About Sonic Studio Pro
30 years and still going strong, Sonic Studio has always been intertwined with digital audio. Our workstations are widely used by audio professionals in film and recording studios, record labels, and mastering facilities. Our work has been recognized with an Emmy® for its role in the restoration of thousands of films, records and high-resolution releases. Our customers regularly receive Grammy®, Emmy and Oscar® awards for their exceptional audio work, aided by Sonic Studio workstations.
Located in Marin County, CA, and operating worldwide, Sonic Studio continues to develop state of the art solutions for professionals and consumers alike. With continued research into specialized noise reduction, cloud-database driven production for archiving, quality control and recording, we are continuously innovating modern tools to improve audio quality and workflow.
Starting from our roots as an in-house project of Lucasfilm’s Ltd.’s subsidiary The Droid Works and then evolving into Sonic Solutions, we created many firsts that carry on to this day. Beginning with EMI Abbey Road Studios, our NoNoise restoration system and Sonic Studio workstations quickly became the go-to for audio and film restoration and CD mastering.
Sonic Studio product evolution:
- NoNoise: first Noise Reduction System (1987)
- The Sonic System: first CD Production System (1989)
- MediaNet: first true network designed for guaranteed media (1994)
- Sonic Studio HD: first full 24 bit 96 / 192 kHz workstation (1997)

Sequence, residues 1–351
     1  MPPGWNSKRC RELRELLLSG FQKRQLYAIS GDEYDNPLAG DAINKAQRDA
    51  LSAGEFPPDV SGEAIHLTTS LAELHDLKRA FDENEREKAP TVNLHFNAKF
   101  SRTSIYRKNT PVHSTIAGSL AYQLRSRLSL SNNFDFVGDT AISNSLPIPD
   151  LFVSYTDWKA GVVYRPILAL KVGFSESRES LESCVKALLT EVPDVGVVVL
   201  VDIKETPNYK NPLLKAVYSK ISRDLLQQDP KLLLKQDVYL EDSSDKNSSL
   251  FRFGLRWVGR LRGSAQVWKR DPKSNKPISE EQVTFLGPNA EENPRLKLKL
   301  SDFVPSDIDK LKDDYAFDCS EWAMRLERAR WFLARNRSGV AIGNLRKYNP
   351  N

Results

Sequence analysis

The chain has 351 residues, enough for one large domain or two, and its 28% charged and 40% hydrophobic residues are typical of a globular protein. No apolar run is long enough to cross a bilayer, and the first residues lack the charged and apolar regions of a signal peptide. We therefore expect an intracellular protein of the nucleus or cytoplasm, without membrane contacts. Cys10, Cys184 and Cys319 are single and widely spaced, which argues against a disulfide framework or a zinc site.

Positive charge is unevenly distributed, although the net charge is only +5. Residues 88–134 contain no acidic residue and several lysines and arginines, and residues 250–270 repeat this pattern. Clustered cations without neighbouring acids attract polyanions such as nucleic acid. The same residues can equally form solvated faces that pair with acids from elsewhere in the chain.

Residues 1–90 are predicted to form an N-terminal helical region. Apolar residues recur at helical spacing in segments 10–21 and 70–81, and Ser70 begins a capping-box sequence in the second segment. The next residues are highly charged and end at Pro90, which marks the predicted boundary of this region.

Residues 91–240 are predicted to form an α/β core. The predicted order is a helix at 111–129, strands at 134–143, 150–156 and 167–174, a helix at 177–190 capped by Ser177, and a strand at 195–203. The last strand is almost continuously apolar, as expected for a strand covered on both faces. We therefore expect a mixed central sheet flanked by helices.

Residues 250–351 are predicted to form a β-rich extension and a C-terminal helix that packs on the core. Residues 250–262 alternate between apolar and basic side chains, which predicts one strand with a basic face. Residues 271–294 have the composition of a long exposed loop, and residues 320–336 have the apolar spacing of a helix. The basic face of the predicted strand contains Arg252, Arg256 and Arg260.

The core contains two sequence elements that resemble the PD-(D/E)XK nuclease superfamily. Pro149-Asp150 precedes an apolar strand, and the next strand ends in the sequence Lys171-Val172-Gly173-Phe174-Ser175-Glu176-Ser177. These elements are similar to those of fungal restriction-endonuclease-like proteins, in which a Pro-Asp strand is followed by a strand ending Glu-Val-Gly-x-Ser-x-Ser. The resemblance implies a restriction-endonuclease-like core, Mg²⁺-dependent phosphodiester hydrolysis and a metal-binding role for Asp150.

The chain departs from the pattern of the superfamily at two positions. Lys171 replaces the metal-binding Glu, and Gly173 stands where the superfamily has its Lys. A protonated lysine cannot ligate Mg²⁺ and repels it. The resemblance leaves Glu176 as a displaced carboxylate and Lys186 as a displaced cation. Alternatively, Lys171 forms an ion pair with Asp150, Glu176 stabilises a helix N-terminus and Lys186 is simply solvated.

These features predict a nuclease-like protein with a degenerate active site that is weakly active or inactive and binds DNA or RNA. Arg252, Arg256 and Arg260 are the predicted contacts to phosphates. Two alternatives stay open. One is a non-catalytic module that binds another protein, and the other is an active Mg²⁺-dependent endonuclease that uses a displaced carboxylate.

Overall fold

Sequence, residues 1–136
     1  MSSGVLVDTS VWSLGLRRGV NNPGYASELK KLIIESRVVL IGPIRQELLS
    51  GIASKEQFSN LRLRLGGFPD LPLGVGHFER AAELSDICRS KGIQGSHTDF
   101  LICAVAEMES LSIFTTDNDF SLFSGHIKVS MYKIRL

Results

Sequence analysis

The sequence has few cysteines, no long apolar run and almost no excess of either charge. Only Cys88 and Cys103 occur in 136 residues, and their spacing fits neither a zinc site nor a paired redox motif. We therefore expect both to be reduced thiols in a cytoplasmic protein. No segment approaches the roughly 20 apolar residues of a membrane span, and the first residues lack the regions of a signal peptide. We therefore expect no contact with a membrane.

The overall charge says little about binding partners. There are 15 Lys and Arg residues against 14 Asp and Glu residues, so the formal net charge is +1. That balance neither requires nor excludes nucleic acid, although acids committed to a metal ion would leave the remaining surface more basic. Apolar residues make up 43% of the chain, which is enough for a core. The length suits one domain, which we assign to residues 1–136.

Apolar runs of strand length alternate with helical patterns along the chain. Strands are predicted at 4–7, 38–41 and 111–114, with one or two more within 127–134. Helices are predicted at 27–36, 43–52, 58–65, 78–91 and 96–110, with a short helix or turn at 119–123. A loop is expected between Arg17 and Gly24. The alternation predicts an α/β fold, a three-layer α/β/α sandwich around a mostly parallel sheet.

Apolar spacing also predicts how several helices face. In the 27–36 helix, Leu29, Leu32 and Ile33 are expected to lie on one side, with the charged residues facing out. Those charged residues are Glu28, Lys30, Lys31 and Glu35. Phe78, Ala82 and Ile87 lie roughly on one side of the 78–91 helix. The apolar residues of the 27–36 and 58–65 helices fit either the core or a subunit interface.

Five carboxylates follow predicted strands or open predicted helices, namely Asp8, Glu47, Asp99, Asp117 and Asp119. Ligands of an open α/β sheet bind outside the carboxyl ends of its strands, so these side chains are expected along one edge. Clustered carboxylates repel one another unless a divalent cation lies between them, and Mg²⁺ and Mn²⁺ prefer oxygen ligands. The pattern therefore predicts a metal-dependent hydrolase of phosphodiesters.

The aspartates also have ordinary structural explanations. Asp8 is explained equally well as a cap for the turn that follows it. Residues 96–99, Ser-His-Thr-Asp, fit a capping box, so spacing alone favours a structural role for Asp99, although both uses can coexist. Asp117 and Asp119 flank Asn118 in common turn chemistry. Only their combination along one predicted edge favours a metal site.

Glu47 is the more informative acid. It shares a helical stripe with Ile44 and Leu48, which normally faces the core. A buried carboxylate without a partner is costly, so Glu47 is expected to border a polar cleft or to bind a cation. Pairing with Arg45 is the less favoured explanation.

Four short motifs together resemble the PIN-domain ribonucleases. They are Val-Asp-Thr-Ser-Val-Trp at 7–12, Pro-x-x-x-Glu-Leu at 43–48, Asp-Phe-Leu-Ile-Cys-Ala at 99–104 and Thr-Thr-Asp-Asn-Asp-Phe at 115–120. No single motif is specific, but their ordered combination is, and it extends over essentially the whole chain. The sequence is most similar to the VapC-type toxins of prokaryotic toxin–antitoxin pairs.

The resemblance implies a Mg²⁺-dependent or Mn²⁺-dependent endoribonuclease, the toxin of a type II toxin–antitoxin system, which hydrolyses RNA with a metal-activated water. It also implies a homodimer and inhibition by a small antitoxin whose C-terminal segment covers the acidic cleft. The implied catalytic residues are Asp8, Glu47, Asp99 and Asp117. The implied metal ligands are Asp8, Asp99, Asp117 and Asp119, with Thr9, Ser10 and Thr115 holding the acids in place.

- DSD.1: first DSD Production System (1999)
- soundBlade: native solution for mastering and noise reduction (2006)
- Amarra Music Player: multiple award winning high resolution player (2010)
- Amarra SQ: first high resolution audio processor for OS X (2010)
- Mobile development for major streaming companies
As the company evolved into Sonic Studio LLC, our work continued with soundBlade and our consumer products like the multi-award winning music player, Amarra. Behind the scenes, we have helped many companies create their own desktop and mobile solutions with our dedicated SDK’s, expertise and development services.
Continuing on with our goal of improving audio restoration, cloud-based archiving, quality control and simplifying mobile workflow for artists, we aren’t slowing down anytime soon.
Select Papers of Interest
48-Bit Integer Processing Beats 32-Bit Floating Point — James A. Moorer. Presented at the 107th AES Convention, September 1999, Preprint 5038 (L-3)
Breaking the Sound Barrier: Mastering at 96 kHz and Beyond — James A. Moorer. Presented at the 101st AES Convention, November 1996, Preprint 4357 (I-2)
Soundworks: An Object-Oriented Distributed System for Digital Sound — Jonathan Reichbach, Author. First network based system for Audio Editing and Playback. Readings in Computer-Generated Music, IEEE Computer Society Press 1992